Archive for January, 2012
Geekiest of the geeks — amateur radio operators! (AKA “Hams”)
Inquiries or QSL “cards” » QSL@aa6ax.us or PO Box 27591, San Francisco CA 94127-0591
I’ve had an amateur radio license since 1958 when I was in sixth grade—back in Illinois. A bunch of old WWII veterans got me involved as a favor to my father (who was one of the “country doctors” for the area). I started studying the electronics theory and the Morse code when I was 10. Their club meetings were held in a smoky room over one of the downtown stores, and I routinely got sick due to the smoky air. Code practice was on the radio once a week, and I could borrow a perforated paper tape “code practice” machine to fine-tune by skills. It wasn’t easy to get the license!
As a geeky little introverted kid, amateur radio was not really my thing, though morse code (CW) was kind of neat and a fun challenge. It also meant I didn’t have to think of much to say. I never was much for small talk.
The image of ham radio operators is that they are the geekiest of the radio geeks – carrying around little hand-held radios, long whip antennas on cars, and the obligatory plastic pocket protector that all nerds use. Kinda true, but honestly you’ll find most of them are just the friendliest people in the world! And a lot of this friendly activity takes place “off the air” at various meetings. And getting involved in civilian emergency preparedness is really a kick. The NERT program, sponsored by the San Francisco Fire Department, has a whole group of amateur radio operators who participate in weekly drills and activities. And the Department of Emergency Management of the city also has a program that involves amateur operators as a secondary channel for the Fire Department in case of emergency (ACS).
What I found after getting more active again here in San Francisco is that it’s an interesting way to meet a real cross-section of folks from many ways of life, professions, interests, and actually it’s kind of neat to see whether a little 5 watt radio can really allow me to be in a mountain peak in the High Sierras (in the summer) and talk to a friend back in the San Francisco Bay Area.
One of my friends here in the East Bay is a true aficionado, and a great “found-items” artists as well. KY6R
For almost two months I’ve been quite aware of how the US Congress wants to impose their will on the Internet as a whole. Aw, comeon—everyone wants to impose their ideas on the Internet! Of course, China, Saudi Arabia, Iran, Syria and Burma (among others) do impose their will(s) on the Internet by filtering and other actions.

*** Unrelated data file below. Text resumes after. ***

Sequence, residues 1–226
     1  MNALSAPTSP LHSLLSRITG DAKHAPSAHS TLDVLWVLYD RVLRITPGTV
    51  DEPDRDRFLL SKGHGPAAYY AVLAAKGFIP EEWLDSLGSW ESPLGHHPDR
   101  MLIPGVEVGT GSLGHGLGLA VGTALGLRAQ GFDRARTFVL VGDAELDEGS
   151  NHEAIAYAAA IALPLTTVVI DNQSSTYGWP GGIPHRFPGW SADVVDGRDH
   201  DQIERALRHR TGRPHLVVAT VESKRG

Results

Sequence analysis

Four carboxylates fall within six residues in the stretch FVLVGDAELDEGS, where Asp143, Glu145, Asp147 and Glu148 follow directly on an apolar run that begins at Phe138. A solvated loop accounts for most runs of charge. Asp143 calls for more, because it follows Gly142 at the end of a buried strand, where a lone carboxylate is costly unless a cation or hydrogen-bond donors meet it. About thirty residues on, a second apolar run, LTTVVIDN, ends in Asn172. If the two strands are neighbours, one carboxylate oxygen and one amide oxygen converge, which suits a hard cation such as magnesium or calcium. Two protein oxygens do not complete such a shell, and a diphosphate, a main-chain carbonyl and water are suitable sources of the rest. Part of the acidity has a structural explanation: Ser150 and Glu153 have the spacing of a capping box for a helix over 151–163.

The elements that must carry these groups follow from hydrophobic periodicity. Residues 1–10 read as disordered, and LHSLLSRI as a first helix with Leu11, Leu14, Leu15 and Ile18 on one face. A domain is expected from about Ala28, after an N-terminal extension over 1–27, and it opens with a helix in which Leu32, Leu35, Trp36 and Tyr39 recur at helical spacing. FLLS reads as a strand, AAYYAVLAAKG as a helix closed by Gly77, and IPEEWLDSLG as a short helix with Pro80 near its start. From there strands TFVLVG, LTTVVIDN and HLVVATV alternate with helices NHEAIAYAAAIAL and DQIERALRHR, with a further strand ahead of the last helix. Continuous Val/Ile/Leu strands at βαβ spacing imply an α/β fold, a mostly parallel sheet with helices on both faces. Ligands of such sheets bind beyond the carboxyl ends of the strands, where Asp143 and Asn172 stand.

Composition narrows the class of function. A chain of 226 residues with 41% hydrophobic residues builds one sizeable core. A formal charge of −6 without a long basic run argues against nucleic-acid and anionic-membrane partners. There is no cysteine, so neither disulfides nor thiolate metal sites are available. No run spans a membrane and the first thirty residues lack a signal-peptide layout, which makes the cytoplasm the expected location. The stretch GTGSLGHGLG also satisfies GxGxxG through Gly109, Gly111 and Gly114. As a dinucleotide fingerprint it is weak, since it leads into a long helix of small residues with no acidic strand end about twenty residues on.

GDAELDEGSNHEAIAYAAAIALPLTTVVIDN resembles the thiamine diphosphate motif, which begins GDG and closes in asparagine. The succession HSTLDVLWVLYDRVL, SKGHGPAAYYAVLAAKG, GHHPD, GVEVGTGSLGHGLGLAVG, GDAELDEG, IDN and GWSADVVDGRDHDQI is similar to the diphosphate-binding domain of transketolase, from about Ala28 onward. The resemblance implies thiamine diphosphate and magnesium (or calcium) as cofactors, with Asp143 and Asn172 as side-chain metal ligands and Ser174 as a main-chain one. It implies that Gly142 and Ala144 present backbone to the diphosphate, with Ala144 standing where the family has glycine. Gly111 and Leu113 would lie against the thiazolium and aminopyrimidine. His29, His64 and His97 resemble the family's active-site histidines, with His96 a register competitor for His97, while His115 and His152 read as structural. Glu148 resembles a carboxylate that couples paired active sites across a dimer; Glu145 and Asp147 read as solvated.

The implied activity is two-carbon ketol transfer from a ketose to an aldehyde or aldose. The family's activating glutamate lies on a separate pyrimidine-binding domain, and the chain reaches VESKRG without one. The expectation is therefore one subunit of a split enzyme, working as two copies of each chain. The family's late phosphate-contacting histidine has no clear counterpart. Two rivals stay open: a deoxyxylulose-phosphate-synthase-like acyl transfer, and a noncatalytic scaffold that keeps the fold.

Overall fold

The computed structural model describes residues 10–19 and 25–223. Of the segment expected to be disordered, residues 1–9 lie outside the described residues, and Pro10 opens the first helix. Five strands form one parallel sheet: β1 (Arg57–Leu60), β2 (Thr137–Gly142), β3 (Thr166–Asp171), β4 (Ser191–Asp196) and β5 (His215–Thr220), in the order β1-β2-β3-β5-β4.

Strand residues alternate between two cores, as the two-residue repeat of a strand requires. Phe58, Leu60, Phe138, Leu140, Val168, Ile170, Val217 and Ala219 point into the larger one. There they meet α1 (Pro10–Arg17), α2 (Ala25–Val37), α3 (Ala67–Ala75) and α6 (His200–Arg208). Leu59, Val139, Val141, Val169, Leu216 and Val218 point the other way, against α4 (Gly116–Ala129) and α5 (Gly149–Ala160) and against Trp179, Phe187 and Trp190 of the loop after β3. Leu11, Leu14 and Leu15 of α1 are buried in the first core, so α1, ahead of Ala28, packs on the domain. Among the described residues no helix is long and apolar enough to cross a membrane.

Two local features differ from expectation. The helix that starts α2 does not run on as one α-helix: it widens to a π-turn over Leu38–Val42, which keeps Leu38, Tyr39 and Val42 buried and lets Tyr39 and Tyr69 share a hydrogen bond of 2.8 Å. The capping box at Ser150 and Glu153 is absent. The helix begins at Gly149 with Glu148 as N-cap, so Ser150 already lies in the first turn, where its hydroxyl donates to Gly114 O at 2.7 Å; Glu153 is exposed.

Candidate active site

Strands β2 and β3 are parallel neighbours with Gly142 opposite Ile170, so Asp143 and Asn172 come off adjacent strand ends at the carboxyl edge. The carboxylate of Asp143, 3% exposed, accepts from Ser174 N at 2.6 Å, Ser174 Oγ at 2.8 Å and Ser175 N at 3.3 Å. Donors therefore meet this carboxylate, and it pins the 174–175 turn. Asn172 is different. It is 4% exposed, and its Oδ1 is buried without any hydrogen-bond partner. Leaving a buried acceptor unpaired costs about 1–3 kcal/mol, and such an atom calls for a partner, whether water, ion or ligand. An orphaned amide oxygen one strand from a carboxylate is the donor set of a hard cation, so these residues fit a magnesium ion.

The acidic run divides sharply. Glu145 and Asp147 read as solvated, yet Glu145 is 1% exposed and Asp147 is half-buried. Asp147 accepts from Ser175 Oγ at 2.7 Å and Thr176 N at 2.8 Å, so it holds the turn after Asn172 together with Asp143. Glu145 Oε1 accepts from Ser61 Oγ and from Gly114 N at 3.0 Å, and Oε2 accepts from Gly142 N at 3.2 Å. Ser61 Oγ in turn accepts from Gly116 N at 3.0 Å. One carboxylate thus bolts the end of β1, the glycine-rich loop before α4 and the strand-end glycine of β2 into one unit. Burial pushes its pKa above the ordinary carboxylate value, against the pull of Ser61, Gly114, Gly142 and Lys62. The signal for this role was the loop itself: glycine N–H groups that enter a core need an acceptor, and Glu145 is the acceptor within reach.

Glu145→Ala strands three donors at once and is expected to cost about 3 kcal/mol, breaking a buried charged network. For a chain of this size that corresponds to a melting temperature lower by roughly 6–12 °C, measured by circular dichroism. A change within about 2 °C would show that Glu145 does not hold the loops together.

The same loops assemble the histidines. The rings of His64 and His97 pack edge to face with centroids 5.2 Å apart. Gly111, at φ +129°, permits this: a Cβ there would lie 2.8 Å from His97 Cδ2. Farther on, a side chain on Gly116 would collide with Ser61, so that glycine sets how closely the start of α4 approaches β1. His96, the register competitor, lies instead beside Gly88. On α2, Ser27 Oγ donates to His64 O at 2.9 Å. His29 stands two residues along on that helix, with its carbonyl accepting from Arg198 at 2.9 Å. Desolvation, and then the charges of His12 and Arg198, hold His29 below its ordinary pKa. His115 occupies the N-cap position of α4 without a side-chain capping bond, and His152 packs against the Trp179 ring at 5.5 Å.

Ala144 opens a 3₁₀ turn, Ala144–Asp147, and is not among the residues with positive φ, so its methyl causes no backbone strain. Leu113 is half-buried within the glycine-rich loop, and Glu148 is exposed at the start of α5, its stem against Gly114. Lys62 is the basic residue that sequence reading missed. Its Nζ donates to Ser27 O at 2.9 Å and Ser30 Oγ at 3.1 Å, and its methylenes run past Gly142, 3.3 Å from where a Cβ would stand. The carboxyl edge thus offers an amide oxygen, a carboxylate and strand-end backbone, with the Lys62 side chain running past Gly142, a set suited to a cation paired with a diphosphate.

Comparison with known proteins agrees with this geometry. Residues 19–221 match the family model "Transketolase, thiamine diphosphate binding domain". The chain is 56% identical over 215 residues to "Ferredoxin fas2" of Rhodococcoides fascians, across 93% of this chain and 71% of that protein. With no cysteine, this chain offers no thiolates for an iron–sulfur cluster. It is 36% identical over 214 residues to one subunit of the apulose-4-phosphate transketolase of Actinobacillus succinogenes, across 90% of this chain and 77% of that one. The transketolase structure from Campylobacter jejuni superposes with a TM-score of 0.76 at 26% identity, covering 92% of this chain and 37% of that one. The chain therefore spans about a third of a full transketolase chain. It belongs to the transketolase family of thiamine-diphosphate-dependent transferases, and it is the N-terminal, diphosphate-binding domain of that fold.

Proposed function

If the US were to institute laws that allow the Attorney General and/or companies to force ISPs to block (or modify the DNS for) domains they assert are in violation of copyright, it would be the beginning of a slippery slope which could well lead to blocking (censorship in effect) for other reasons. There is just not enough due process in these proposed laws. Once the mechanics are in place, it would be easy to justify using them for other purposes.
I was most impressed at the action taken by Wikipedia on January 18th (2012) to make their service unavailable (except via mobile and for certain pages). And Google did a great job by blacking out their logo, leaving their search intact, and providing links to further information, including pages to reach Congresspeople! Craigslist.org also put up a splash page, which I think sent many people in the right direction. Craig Newmark, founder (and customer support) of Craig’s List is very much involved in citizen democracy (“democracy 2.0” if you will). I put up notices on my own sites, and on my friend Amy Jussel’s ShapingYouth.org on the 18th, directing peoples’ attention to the SOPAstrike page. I was also impressed that
The key is to not require that ISPs or search engines be the enforcers of government policies, and to not wreck the DNS (and DNSSEC) system by spoofing (even legally) domain names.
I believe Wikipedia and Google turned the tide, and am hopeful that these misbegotten bills will now be abandoned or completely rewritten to make more sense!
The SOPA and PIPA bills being considered in the US Congress allow blocking of domain names by someone who simply makes a complaint. Technically they apply only to non-US-hosted web sites that are pirating digital content, but once the “machinery” is in place, they could be used to block any domain whatsoever, and without due (legal) process. And also, technically, the only person who can complain and get a domain blocked is a digital (music, text, art) rights owner, but in practice this will be almost impossible to enforce.
There is no due process and no way someone who is wrongfully blocked can get themselves quickly unblocked.
And were this legislation to pass in the US, it would signal strong support for other countries similarly blocking internationally-hosted content based on their own national laws. (Many do it already, but let’s not set an example.)
Join me in opposing these bills. Notify your US Senators and Representatives.
This site will be participating in the Strike on January 18th, 2012.